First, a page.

Occasionally, a story punctures the constant hum of the global news cycle and captures the world’s imagination.
In June, as the world’s most illustrious soccer teams competed for glory in Russia, an unknown group in Northern Thailand quickly became the world’s most famous soccer team. A young team called the “Wild Boars” got trapped by rising floodwaters at the end of a complex network of underwater caves. Over 9 long days, the world held its breath as experienced cave divers scrambled to find the boys, with both water and anxiety levels rising fast. Incredibly, they were finally located nearly 4km inside the labyrinth. And that’s when the challenges really began. How do you get 12 cold and terrified boys and their coach through a network of underwater caves in a dive lasting 5-6 hours, at freezing temperatures, with 1 foot of visibility, and tight twists that required the regular removal and maneuvering of oxygen tanks?

Thus began one of the greatest rescues in history. After the death of a diver, a former navy seal, and with floodwaters rising, the decision was made to go for it. Over 3 long days, an operation involving 16 divers and a support crew of 10,000 rescued all 12 boys and their coach. The world let out its collective breath and a week later Les Bleus lifted the World Cup in Russia. What captivated people’s imaginations, as much as the plight of the Wild Boars, was the heroism and humility of the rescuers; a group of people who had dedicated their lives to cave-diving, and risked their lives for these young strangers.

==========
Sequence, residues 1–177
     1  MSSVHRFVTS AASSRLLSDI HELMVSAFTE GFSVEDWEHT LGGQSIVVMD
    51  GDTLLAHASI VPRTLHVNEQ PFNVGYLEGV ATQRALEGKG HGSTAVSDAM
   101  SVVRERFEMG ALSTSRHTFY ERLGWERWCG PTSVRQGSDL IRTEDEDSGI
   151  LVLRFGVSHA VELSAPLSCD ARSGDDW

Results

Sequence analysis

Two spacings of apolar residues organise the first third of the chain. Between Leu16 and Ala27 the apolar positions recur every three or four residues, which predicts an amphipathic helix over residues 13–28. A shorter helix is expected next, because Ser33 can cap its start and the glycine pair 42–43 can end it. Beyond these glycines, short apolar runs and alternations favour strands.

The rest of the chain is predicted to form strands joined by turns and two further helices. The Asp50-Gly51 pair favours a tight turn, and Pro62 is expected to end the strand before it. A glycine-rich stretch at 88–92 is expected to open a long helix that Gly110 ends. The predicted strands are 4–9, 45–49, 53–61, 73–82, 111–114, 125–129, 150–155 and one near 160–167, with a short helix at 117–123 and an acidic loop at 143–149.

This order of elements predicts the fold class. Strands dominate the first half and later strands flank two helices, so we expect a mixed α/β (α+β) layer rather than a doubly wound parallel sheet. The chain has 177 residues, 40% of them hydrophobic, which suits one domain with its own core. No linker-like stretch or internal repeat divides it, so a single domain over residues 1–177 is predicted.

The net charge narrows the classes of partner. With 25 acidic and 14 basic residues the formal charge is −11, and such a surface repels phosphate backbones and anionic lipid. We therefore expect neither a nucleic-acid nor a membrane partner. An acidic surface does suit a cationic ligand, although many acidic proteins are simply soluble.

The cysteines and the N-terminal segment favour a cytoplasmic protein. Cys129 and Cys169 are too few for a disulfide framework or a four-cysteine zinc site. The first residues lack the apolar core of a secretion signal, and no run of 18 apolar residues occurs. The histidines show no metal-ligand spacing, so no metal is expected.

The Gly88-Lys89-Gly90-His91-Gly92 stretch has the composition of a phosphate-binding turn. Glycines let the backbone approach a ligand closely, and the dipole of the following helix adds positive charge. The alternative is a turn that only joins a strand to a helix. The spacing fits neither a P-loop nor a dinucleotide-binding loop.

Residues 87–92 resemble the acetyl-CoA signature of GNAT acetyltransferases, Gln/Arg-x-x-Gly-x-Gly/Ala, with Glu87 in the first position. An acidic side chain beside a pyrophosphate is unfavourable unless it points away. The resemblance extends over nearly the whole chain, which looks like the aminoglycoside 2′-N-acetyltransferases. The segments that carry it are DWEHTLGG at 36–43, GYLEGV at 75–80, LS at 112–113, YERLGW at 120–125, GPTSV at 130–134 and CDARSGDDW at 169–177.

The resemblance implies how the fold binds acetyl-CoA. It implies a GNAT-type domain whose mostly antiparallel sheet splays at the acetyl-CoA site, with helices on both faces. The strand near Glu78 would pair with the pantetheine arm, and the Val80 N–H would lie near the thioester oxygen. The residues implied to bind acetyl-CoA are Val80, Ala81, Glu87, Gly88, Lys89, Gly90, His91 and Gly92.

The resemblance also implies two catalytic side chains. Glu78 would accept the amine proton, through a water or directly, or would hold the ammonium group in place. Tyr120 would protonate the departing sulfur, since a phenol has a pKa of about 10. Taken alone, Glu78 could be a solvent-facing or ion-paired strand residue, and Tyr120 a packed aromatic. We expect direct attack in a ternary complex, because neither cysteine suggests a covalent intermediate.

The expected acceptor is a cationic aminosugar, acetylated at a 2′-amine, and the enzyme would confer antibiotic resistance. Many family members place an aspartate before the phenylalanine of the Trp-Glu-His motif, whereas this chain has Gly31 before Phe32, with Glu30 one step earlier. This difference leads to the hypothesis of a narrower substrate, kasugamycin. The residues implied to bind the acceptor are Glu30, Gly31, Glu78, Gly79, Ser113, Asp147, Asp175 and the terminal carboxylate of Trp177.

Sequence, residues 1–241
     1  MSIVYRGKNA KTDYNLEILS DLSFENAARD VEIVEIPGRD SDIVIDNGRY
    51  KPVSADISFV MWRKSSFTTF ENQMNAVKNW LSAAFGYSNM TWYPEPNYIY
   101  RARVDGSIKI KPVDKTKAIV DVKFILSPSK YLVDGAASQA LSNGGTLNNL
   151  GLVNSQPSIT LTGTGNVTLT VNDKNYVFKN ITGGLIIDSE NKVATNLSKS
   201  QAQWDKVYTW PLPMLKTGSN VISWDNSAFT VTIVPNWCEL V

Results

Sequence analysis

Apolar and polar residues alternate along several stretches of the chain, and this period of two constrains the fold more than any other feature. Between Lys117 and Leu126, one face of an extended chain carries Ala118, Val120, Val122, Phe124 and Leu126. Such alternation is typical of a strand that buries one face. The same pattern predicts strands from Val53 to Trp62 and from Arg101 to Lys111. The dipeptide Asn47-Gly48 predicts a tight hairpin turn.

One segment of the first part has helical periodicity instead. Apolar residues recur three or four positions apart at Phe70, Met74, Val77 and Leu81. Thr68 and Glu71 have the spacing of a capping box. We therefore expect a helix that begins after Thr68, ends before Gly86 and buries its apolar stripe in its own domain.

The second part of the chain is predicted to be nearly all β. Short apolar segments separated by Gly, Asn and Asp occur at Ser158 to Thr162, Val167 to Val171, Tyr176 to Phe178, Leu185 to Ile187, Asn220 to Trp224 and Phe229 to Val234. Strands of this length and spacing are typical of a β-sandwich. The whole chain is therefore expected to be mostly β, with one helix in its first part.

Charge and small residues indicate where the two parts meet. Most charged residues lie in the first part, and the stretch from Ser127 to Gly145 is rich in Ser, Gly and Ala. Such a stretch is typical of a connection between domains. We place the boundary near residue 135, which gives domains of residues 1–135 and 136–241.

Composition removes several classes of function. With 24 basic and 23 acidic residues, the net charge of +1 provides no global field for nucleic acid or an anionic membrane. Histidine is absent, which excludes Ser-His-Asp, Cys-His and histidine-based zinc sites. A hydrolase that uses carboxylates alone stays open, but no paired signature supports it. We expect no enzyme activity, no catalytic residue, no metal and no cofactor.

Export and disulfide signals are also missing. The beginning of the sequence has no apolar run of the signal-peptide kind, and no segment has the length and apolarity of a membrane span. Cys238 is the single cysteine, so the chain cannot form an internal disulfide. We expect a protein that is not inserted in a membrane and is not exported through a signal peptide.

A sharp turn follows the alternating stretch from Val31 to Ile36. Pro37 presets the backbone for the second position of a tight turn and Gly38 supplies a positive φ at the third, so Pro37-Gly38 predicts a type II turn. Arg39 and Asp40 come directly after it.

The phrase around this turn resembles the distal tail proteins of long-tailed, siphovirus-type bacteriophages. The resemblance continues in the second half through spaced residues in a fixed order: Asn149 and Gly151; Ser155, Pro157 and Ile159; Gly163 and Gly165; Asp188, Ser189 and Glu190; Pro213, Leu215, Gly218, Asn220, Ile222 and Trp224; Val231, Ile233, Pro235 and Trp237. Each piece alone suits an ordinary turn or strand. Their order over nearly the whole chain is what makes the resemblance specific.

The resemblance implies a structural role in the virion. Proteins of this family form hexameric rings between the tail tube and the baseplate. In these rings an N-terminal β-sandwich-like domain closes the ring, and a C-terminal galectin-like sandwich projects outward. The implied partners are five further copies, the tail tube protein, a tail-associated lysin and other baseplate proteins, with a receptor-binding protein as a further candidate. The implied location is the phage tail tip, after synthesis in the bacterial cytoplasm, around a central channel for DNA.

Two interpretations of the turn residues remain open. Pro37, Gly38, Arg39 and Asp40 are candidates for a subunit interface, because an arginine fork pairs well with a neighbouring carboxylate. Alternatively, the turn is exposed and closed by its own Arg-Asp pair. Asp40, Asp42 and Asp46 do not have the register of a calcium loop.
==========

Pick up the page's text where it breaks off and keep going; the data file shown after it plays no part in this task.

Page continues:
As well as the obvious drama and tension of this ordeal, the question remains: why do we find stories like this one so compelling? One answer is that this is the basic form of every great story, including the greatest story ever told, which is the story John is recounting in the Fourth Gospel. Through our own misadventure, humanity found itself trapped
in a dead-end cave, with no hope of escape. Every rescue plan seemed doomed to failure. Such was the shape of the challenge that only a human could fashion a way out. And this is John’s revelation. The Light, Jesus, has entered into the darkness for our sake. He has masterminded and mapped the way out, personally guiding us through the dark watery twists of human existence, and even death itself. The one who knows every contour of the cave has come for us. He has come to give us life, true life.

Jesus’ invitation to us is like the one the cave boys faced when the 3-day rescue began. Days of careful planning and preparation came down to the poignant moment when each boy had to put their trust in this masked stranger; to commit their destiny into his hands and follow him through the cold dark twists of the labyrinth. In a similar way, Jesus’ invitation to us is to follow Him, but as we’re going to find out through John’s Gospel, faith takes the courage of the Wild Boars. Is God calling you to trust Him with something today?

>Blessings, Rev Jonny Grant